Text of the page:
ISHR continues to remain highly concerned about the human rights situation in Burundi and its refusal to cooperate with the Council’s mechanisms, which taken together clearly warrant an invitation to the General Assembly to consider the suspension of Burundi as a member of the Council.

For more information on the situation of human rights defenders in Burundi, check ISHR Briefing Paper for the UPR here.

China

By any measure, the Chinese government is not living up to the commitments to protect and promote human rights inherent in its Human Rights Council membership. Since the twelve-country joint statement on the human rights situation in China in March 2016, there has been no concerted effort to use the Council space creatively to call for accountability and transparency related to violations in China. This, despite the fact that in July 2017, Chinese security authorities presided over the death in custody of Liu Xiaobo, the first Nobel Peace Prize winner to die in detention since Carl von Ossietzky died in Nazi Germany in 1938.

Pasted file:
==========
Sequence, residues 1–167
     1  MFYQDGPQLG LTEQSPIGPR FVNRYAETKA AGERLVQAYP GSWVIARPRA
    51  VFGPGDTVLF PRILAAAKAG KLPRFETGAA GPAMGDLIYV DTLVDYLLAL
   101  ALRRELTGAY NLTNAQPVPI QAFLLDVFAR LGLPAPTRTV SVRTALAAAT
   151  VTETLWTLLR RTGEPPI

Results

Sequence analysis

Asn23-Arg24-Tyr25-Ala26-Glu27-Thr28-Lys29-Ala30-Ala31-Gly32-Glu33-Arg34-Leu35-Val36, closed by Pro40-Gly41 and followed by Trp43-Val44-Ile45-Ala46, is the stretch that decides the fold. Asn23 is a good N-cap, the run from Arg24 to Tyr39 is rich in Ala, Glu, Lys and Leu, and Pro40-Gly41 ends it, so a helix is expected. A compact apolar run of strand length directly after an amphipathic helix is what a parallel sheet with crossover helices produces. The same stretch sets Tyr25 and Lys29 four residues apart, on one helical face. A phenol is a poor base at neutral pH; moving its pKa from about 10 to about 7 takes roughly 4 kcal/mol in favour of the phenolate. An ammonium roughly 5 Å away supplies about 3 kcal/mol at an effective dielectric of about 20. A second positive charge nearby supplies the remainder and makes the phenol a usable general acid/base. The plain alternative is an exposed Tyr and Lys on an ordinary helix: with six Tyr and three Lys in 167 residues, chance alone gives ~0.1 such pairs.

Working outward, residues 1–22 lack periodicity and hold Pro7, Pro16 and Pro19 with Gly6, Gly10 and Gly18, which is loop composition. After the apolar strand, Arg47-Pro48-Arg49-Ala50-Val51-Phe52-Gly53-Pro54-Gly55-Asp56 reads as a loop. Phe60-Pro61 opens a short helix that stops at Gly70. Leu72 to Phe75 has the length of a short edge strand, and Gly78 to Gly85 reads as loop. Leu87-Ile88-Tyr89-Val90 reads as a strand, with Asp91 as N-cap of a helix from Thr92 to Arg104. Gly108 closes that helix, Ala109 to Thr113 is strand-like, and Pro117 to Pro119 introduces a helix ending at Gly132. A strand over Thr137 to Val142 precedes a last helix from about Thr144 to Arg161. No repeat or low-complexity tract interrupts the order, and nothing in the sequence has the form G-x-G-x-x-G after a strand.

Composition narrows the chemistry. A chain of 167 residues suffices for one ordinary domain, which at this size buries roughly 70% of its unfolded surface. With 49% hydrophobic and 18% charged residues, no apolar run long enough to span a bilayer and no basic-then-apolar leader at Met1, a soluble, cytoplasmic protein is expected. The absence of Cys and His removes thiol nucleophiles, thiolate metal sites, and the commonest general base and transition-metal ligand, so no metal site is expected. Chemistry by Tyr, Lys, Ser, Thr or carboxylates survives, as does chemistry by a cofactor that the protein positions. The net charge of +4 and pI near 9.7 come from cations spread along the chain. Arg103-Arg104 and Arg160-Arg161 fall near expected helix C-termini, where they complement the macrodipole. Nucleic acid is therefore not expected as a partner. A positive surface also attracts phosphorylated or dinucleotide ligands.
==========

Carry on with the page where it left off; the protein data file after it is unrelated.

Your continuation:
ISHR calls on States to take joint and individual actions at the 38th session. Such action is warranted based on the above criteria and should take into account the dangerous environment in the country for human rights and those who defend them, and should serve to hold China accountable to the standards to which the government has committed. Specifically, we urge States to:

  • Condemn China’s refusal to allow Liu Xia, a poet and activist and the wife of Liu Xiaobo, to travel and communicate freely. She has been under de facto house arrest, and occasionally held incommunicado in an unknown location, since October 2010. Her physical and psychological health has deteriorated significantly, especially since Liu Xiaobo’s death in custody in July 2017.